Written by Garrett Catalana – @GarrettCatalana


With the Philadelphia 76ers set to start its training camp on September 29, General Manager Sam Hinkie has presumably found his 20th player for camp in former-Milwaukee Buck, Kendall Marshall. The 13th pick of the 2012 NBA Draft suffered a torn ACL last season and is looking to revitalize his career in Philadelphia. The only issue with Marshall’s signing is that Marshall will be the sixth point guard in Sixers training camp. All six point guards who will be at Sixers camp have specific strengths and weaknesses at the point guard spot that could potentially help the Sixers in 2015-2016, and possibly moving forward. Let’s examine the six:


Tony Wroten

Tony Wroten

2014-2015 Stats: 30 games (15 starts); 16.9 PPG, 5.2 APG, 1.6 SPG, .403 FG%; .261 3P%; 3.8 TPG, .014 WS/48, 0.1 VORP

Contract: Fully guaranteed $2,179,354 for 2015-2016, Qualifying Offer of $3,201,471 for 2016-2017 (Restricted Free Agent)


Strengths: Elite ability to attack the basket at any time, any place; ability to get to the free throw line (6 times a game), good gambler on defense (2.1% steal rate); ability to play two positions; solid finisher at the rim; good court vision; volume scorer

Weaknesses: Poor perimeter shooter (especially from three [26%]), poor free throw shooter (67%), careless with the basketball, poor one-on-one defender; coming off torn ACL

Biggest Game of 2014-2015: November 7, 2014, home vs. Chicago Bulls: 31 points (11/27), 7 assists, 5 rebounds, 1 steal, 6-8 from free throw line


-Wroten was taking full-advantage of his opportunity starting at point guard when Michael Carter-Williams missed the beginning portion of the season. From the start of the season in October to when he played his final game on January 13th, Wroten was statistically the Sixers best player, granted the Sixers were undermanned without Robert Covington, a healthy Michael Carter-Williams, and a more well-rounded Nerlens Noel. Unfortunately, Wroten tore his ACL and missed the final half of the season. Time will tell if Wroten can fully recover from his injury and have the same explosiveness he had the last two seasons in Philadelphia. It will be interesting to see if Wroten can attack the basket with the same ease with Jahlil Okafor manning the low post. It is also unclear if Wroten will be fully healthy for the start of the regular season.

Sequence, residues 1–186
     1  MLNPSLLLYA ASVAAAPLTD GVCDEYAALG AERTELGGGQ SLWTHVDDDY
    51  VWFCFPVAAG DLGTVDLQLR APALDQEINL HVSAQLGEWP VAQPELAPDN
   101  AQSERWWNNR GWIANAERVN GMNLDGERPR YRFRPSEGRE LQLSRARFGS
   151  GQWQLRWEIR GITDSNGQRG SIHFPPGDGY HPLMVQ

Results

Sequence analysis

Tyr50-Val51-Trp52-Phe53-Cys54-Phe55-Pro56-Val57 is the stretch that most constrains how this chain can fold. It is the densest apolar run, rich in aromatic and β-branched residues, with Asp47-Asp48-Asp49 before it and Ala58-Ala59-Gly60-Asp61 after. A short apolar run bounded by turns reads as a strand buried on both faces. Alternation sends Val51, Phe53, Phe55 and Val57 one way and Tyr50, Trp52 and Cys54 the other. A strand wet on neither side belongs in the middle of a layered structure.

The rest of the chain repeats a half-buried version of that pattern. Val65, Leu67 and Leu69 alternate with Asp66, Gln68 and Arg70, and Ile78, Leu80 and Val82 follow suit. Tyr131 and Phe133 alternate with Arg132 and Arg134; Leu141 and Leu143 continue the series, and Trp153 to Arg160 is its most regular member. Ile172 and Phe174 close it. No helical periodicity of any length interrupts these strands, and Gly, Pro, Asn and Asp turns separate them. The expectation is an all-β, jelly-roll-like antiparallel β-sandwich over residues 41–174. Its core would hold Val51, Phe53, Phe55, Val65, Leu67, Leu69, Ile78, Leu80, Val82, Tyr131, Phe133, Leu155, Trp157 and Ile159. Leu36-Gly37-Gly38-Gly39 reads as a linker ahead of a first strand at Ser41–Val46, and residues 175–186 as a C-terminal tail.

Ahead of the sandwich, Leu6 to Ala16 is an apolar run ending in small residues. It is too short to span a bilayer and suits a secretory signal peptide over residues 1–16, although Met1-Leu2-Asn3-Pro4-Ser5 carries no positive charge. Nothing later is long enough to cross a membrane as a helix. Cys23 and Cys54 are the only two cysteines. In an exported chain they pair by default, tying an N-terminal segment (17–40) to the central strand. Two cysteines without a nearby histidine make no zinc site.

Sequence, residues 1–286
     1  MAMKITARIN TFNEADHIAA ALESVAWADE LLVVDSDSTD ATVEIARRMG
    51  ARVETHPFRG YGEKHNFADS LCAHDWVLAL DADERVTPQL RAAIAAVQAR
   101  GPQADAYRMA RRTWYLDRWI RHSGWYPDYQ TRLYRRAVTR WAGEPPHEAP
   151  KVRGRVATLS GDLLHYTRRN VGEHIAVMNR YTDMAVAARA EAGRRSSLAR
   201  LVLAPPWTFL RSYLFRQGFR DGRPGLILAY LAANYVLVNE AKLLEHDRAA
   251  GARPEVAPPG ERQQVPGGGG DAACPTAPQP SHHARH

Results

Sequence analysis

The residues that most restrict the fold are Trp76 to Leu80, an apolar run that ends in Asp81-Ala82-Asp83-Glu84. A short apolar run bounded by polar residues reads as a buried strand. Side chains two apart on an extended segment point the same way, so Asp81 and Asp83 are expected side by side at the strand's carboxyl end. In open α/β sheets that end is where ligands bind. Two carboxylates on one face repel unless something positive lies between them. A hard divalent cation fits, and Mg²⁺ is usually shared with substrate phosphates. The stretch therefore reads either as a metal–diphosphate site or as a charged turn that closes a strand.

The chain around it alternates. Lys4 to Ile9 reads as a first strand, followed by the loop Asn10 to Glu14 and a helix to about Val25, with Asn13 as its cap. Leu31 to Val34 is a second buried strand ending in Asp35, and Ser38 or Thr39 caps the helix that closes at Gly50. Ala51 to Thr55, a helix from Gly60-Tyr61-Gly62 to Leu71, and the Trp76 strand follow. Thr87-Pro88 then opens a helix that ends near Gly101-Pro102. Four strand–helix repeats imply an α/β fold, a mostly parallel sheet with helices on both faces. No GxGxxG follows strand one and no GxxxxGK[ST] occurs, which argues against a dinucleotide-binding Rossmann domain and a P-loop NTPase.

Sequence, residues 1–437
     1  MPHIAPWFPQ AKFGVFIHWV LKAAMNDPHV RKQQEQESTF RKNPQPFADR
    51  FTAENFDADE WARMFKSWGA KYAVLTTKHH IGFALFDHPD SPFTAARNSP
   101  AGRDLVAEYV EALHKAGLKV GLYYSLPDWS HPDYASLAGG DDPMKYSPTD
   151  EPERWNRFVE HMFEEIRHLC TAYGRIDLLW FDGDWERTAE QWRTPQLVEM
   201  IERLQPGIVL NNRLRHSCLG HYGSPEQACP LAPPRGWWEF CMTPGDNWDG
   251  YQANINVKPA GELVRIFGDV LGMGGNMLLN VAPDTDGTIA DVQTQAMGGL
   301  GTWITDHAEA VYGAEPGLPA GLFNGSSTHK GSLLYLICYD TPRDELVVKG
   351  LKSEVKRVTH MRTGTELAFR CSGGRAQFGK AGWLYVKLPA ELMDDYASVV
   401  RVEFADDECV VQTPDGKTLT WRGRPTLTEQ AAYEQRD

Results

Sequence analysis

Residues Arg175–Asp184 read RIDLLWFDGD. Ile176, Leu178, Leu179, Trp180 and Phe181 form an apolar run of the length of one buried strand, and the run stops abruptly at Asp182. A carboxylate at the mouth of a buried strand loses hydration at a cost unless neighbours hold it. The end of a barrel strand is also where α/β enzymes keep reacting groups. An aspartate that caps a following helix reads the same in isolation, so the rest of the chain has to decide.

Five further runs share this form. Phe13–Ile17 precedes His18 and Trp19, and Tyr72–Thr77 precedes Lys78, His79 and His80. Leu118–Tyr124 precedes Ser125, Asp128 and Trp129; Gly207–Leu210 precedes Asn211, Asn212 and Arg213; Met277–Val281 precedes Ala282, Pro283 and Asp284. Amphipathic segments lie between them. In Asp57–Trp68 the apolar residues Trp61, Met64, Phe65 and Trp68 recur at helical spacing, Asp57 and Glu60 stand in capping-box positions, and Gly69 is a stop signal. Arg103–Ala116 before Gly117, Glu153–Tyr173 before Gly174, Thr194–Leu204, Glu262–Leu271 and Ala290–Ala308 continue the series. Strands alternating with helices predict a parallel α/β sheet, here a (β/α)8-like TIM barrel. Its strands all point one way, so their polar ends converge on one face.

Isaiah Canaan

2014-2015 76ers Stats: 22 games (12 starts); 12.6 PPG, 3.1 APG, 0.7 SPG, .377 FG%, .364 3P%, 1.8 TPG, .065 WS/48, 0.0 VORP

Contract: Fully Guaranteed $947,276 for 15/16; Qualifying Offer of $1,215,696 for 16/17 (Restricted Free Agent)


Strengths: Terrific standstill three point shooter, effective pick-and-roll operator, can create his own shot, quick and mobile

Weaknesses: Doesn’t set up teammates well, height, poor defender, unable to penetrate and kick to shooters

Biggest Game of 2014-2015: March 4, 2015, at Oklahoma City Thunder: 31 points (8/13 from three), 6 assists, 7 rebounds, 1 steal

– Acquired in the KJ McDaniels trade from the Houston Rockets, Canaan showed flashes during the final stretch of the season. He was an effective three-point shooter and the team’s offensive numbers soared, but the team defense suffered as he (6’0) replaced Michael Carter-Williams (6’6) as the starting point guard. Of the six point guards in training camp, Canaan is by far, the best three point shooter but that is pretty much all he can do. He doesn’t set up teammates well and cant attack the inside like Tony Wroten can. His skill set amongst the point guards is rare, but it is also the most limited.


Pierre Jackson

Pierre Jackson

2013-2014 Stats with the Idaho Stampede (NBADL): 29.1 PPG, 6.2 APG, 1.9 SPG, .449 FG%, .349 3P%, 4.0 TPG, .121 WS/48

Contract: “Hinkie Special” Fully guaranteed $750,000 for 15/16, non-guaranteed salaries of $874,636 in 16/17 and $1,014,746 in 17/18, and a team option of $1,088,038 in 18/19


Strengths: Explosive guard, pure scorer, legitimate point guard ability, can create his own shot, good ball handler

Weaknesses: Height, defensive liability, not a great finisher at the rim, poor floater, lacks great court vision


– Originally traded by the Sixers to the New Orleans Pelicans in the Jrue Holiday-Nerlens Noel trade, Jackson put up outstanding numbers with the Idaho Stampede of the NBA Developmental League in 2013-2014. Jackson was reacquired on draft night 2014 by the Sixers and was set to join the team for last season. Unfortunately, Jackson ruptured his Achilles in the first half of the first game in the Orlando Summer League. He was done for the season. Jackson stuck around hoping for another shot, appreciative for the 76ers letting him  rehab and eventually having another shot with the team. He was signed to the “Hinkie Special” following a decent, but obviously rusty showing at the Las Vegas Summer League this summer. Jackson is probably the second-most talented point guard on the team behind Wroten but is the best pure scorer of the six. But his issues are the same as Wroten and Canaan. Like Wroten, after such a bad injury, will Jackson have the same explosiveness and ability as he did before the injury? Like Canaan, Jackson’s height (5’10) is also a major defensive liability. Time will tell if Jackson will be able to replicate the sort of stats he had two years ago in the D-League.